So far, we’ve been navigating the basics of ramen here at Ramen Chemistry. Ramen is our product after all, so that's how I kicked off this blog. But Ramen Chemistry is not a food blog, per se. It’s about every aspect of the ramen business. Once Shiba Ramen secures a physical space (hopefully soon), our lives are going to revolve around getting the business open, and Ramen Chemistry is going to reflect the the diverse things we'll be doing to make it happen.
But here in the last days of (relative) calm before our fire drill starts, I want to take a short detour into the world of science. Chemical biology and food science, that is. I want to tell you about the molecular basis for the human umami response. This is real, current science and it relates to ramen. Let’s get started!
What Is Umami?
Umami (literally "delicious taste" in Japanese) is, along with sweetness, saltiness, sourness, and bitterness, one of the five basic tastes. It is often described as having savory or mouth-watering quality. The umami response is triggered by free L-glutamate (one of the 20 naturally occurring amino acids, the building blocks of proteins), usually in the form of its sodium or potassium salt. The sodium salt is, of course, monosodium glutamate, MSG. And, as we'll discuss, the glutamate-induced umami response is strengthened when either of two ribonucleic acids (the building blocks of RNA), guanylate or inosinate, is present. Foods that contain these chemicals deliver umami. That's it.
I remember the first time I read about umami. It was in some magazine (I think on an airplane) about a decade ago. The article described umami as the “elusive Japanese fifth flavor.” That phrase “elusive” persisted in my thinking for years, in part perhaps because the article’s phrasing—Japanese fifth flavor—left me with the impression that umami was somehow a uniquely Japanese phenomenon. If that was true, umami may well be elusive to anyone not steeped in Japanese food and culture.
Umami is elusive, but not because it’s foreign. Although it’s perhaps more prevalent in Japanese cuisine, with its heavy use of high-umami ingredients like kombu and dried fish, umami has a long history in Western cooking. The ancient Romans were wild about garum, a fermented fish paste that was full of umami. A recent article explains that "like Asian fish sauces, the Roman version was made by layering fish and salt until it ferments. There are versions made with whole fish, and some just with the blood and guts." The process "creates a fermentation environment that releases more of the protein, making garum a good source of nutrients" and giving "it a rich, savory umami taste." A food historian is quoted as saying that garum is "very, very flavorful. It explodes in the mouth and you have a long, drawn-out flavor experience, which is really quite remarkable."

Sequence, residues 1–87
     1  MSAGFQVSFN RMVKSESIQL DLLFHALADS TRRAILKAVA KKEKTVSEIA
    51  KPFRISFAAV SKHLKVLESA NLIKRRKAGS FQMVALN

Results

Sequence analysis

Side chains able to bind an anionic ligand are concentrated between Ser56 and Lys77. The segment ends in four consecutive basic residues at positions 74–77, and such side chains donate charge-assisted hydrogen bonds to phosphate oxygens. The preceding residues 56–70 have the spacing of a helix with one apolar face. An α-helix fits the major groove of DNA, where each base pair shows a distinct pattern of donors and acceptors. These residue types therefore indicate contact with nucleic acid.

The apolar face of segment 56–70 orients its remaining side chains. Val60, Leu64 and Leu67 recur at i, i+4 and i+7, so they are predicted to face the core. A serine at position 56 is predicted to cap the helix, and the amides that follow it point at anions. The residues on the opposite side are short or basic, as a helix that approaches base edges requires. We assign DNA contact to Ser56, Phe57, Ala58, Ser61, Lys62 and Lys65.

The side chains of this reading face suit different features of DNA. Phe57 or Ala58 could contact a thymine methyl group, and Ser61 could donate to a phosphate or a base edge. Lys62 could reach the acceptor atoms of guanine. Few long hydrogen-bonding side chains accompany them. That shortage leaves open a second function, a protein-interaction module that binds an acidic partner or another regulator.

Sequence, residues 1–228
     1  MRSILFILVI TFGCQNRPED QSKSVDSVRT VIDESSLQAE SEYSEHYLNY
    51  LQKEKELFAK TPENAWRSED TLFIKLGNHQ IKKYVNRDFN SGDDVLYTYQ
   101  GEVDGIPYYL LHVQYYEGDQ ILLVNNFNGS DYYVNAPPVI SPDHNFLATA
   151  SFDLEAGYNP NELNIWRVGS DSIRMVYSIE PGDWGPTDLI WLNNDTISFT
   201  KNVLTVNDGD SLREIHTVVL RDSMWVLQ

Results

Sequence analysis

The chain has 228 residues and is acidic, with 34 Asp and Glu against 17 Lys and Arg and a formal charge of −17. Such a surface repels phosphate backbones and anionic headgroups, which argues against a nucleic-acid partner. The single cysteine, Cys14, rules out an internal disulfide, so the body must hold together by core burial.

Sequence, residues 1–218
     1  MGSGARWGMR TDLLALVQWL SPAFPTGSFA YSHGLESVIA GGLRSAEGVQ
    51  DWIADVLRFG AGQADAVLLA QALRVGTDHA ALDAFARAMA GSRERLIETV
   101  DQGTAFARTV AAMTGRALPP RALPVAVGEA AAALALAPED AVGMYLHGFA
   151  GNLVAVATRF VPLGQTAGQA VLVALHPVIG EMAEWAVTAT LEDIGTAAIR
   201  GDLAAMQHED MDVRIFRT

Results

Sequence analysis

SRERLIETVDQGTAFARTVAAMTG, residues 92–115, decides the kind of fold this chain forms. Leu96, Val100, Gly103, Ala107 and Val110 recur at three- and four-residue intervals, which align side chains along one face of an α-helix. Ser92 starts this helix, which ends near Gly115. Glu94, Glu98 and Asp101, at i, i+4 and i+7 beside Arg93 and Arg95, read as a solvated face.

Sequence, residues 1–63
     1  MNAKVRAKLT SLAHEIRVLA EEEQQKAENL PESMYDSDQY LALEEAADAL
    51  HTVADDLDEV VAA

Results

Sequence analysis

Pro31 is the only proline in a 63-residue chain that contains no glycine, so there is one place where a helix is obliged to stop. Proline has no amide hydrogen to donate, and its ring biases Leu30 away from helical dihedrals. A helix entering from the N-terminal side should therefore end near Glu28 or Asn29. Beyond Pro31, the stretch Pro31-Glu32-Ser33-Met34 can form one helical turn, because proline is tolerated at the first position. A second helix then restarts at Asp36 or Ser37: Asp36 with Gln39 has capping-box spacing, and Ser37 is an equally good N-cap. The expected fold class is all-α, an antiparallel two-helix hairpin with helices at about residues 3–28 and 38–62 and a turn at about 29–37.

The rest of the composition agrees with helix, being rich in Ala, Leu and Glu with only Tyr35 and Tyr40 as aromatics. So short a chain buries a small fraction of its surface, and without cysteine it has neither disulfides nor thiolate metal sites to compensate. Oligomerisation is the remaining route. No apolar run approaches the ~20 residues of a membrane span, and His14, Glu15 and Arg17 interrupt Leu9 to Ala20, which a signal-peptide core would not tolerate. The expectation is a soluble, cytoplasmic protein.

Today, we're wild about pizza, burgers, bacon, roasted tomatoes, oysters, parmesan cheese. Have you ever eaten at Umami Burger? Their concept is to make burgers that are umami-maximized. They do it by invoking non-traditional burger ingredients (and combinations thereof). They have umami-maximized ketchup on the table, and a very nice appetizer plate of high-umami pickles. I've eaten there a couple times, and there's a definite difference in how these burgers taste. Eating one and thinking about its flavor compared to a normal burger is actually a pretty good way of isolating the umami flavor and getting a better sense of what it is.
Umami is elusive because of its relative subtlety. It doesn’t jump out in the obvious way the other four flavors—sweet, salty, sour, bitter—do. Think about all of the times you’ve thought something was too sweet or too salty. You probably never thought that something has too much umami. Umami is also elusive, I think, because we take umami flavors for granted. We don’t have the “umami” concept in western culture, and we’re just not used to talking about our food in these terms.
I like to think of umami this way: imagine the last time you ate a really good slice of pizza. You were pretty into it, right? It was hot, the crust was crispy, and it had so much flavor. You had a hard time stopping after a few pieces. What flavors did you taste? There was some sweetness and sourness in the tomato sauce, and maybe something was a little bit salty, but of the flavor in that slice of pizza, how much of it can you really assign to sweetness or saltiness, let alone to sourness or bitterness? All the pizza’s indefinable savoriness, all that flavor that’s not sweet or salty, sour or bitter—that’s umami. I'm oversimplifying it a bit, I'm sure, but you get the idea behind this thought experiment. Next time you have pizza or a bacon cheeseburger, think about this formula and maybe umami will start seeming less elusive:
Umami = Total Flavor – (Sweet + Salty + Sour + Bitter)
Maybe you still can’t totally put your finger on it, but by eliminating sweet, salty, sour, and bitter, you see that something else is hard at work making your pizza taste so good. That’s umami.
Next time, I'll explain how umami was discovered and how umami happens down at the molecular level.